One thing’s for certain – the key to solving this fundamental problem we face in our politics lies in no small part with the big tech platforms themselves.
These steps, while unprecedented for @Jack and Mark Zuckerberg, left many of us wondering why they weren’t taken years ago since widespread calls for these actions are not new. Will they take similar actionagainst lesser known accounts and right-wing media pages that contributed to Wednesday’s violence? How will platforms like Facebook alter their fundamental algorithms and products that feed on emotional engagement and inflammatory content?
There is no question the platforms had a seismic role to play in Wednesday’s events, and some in Congress are ready to hold them accountable. Now that Democrats are in control, that type of action is more likely than previously thought.
A REASON FOR HOPE
On January 5th, Reverend Raphael Warnock and Jon Ossoff won the U.S. Senate runoff elections in Georgia, giving Democrats the slimmest possible majority in the Senate – and full control of Washington. With Mitch McConnell soon to be relegated to Minority Leader status, President-elect Joe Biden’s agenda has vastly more possibilities, from reigning in big tech, passing Democracy reform, confirming progressive judges to the federal judiciary, and so so so much more.
The digital teams on the two Democratic campaigns deserve all the praise they’re getting and more. In a previous issue of FWIW, we covered how quickly both campaigns were scaling up their digital operations on practically every platform, as indicated by their explosive social footprint growth and Team Ossoff going all-in on the reaching youth vote (while Team Warnock was actually the biggest spender on Snapchat after 11/3).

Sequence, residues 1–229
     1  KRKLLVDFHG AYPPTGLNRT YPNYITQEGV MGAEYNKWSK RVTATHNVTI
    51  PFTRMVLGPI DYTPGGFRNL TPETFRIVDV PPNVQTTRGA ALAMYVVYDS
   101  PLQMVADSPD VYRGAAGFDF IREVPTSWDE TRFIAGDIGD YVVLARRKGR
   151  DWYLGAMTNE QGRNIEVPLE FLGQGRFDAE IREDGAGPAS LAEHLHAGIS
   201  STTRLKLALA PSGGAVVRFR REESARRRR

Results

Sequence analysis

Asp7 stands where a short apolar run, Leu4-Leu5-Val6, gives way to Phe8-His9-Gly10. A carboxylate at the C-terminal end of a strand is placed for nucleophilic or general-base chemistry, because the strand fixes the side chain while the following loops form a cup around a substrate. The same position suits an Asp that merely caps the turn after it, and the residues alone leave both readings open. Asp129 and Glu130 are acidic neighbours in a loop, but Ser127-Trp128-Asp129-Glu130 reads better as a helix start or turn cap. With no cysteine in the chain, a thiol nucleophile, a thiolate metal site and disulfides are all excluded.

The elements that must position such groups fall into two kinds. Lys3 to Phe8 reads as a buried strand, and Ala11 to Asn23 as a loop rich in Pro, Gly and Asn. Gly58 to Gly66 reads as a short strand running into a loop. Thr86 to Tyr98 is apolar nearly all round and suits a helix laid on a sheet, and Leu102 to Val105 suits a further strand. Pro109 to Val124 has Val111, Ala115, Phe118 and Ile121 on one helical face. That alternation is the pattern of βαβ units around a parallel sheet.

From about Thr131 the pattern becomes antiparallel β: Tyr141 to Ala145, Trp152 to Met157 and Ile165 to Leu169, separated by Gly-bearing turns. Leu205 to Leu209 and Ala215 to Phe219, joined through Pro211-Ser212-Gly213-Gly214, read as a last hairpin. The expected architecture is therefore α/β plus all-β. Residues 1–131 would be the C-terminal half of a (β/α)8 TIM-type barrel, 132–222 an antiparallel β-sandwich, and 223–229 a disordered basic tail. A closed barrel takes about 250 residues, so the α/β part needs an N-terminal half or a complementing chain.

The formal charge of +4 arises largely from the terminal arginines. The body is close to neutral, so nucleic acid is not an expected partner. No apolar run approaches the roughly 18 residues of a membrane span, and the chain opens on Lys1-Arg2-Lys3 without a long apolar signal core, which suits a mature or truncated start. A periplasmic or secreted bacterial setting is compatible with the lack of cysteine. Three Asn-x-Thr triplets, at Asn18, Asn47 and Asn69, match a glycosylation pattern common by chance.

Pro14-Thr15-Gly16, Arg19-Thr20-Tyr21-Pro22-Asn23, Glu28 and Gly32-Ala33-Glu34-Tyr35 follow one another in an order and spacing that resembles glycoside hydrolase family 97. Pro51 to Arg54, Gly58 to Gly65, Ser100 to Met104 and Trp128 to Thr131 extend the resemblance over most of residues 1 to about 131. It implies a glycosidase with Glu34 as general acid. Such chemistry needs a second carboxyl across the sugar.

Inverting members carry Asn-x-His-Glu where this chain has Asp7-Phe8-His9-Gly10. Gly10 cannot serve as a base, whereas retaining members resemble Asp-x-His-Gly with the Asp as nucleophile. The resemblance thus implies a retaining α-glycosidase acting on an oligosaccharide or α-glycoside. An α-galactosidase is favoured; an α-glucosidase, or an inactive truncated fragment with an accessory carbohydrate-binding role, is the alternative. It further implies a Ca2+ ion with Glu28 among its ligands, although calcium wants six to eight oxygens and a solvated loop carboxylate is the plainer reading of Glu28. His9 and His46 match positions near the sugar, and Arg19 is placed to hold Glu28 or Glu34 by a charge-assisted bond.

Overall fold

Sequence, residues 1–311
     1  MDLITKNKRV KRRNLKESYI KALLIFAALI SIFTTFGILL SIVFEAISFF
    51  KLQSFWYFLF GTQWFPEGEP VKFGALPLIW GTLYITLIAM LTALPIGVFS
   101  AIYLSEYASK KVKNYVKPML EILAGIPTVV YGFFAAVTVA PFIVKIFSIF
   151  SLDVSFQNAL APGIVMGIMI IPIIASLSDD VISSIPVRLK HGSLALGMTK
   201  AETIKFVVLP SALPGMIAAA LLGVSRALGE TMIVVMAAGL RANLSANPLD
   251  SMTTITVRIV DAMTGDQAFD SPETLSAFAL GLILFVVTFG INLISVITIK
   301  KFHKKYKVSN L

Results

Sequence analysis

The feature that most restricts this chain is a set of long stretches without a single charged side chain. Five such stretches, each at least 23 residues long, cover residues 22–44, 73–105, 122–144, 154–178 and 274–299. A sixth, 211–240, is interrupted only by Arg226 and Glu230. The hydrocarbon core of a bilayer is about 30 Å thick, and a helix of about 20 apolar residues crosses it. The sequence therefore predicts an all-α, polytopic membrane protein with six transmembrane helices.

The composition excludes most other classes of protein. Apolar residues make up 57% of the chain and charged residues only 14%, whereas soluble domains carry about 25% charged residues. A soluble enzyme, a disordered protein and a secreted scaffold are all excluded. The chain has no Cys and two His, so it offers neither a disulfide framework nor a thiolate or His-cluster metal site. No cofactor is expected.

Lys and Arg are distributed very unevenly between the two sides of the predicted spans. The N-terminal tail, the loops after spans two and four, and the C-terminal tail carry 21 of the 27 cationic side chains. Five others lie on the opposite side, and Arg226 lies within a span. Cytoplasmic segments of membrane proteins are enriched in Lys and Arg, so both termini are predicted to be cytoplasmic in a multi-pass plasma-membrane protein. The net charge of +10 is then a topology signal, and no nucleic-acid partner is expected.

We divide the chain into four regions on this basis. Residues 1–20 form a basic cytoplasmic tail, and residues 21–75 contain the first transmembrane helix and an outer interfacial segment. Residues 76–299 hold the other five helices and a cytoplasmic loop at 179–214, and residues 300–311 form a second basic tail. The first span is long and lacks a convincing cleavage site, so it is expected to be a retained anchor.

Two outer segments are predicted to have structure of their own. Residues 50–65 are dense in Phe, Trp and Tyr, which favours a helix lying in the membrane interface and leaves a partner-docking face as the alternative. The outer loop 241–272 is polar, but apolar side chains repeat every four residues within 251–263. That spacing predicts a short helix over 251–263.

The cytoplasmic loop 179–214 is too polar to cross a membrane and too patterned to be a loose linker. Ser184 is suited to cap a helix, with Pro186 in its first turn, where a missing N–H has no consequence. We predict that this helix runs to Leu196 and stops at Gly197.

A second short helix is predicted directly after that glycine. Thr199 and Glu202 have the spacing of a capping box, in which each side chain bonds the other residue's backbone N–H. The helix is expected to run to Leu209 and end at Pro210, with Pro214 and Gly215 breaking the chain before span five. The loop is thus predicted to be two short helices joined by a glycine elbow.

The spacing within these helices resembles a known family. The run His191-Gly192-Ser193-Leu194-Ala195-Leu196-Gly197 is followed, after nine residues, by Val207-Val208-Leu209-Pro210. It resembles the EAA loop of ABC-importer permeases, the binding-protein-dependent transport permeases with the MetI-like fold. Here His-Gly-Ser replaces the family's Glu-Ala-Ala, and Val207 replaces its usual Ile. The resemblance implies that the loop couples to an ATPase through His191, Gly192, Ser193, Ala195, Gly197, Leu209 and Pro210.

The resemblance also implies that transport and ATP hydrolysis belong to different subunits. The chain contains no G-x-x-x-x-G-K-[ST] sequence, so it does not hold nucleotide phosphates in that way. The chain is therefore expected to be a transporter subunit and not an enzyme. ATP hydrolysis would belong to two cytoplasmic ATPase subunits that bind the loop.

Of course, as excellent as the two campaigns were, their success wouldn’t have been possible without the groups on the ground who have put in the work for years. Groups like Fair Fight Action, Black Voters Matter, The New Georgia Project, Mijente, Progress Georgia, and others were critical to expanding Georgia’s electorate and bringing the Peach State closer to fully realizing its democratic promise.
We’re also proud to have played a role ourselves in the runoff elections through our nonpartisan People’s Power Grab program, which sought to empower BIPOC, young people, and infrequent voters in those groups. By January 5th, the campaign spent over $1.2 million reaching nearly 2.4 million Georgians, over 482,000 of whom voted early in the runoffs.
And finally, FWIW, here is the final online ad spending data on the major platforms in the runoff: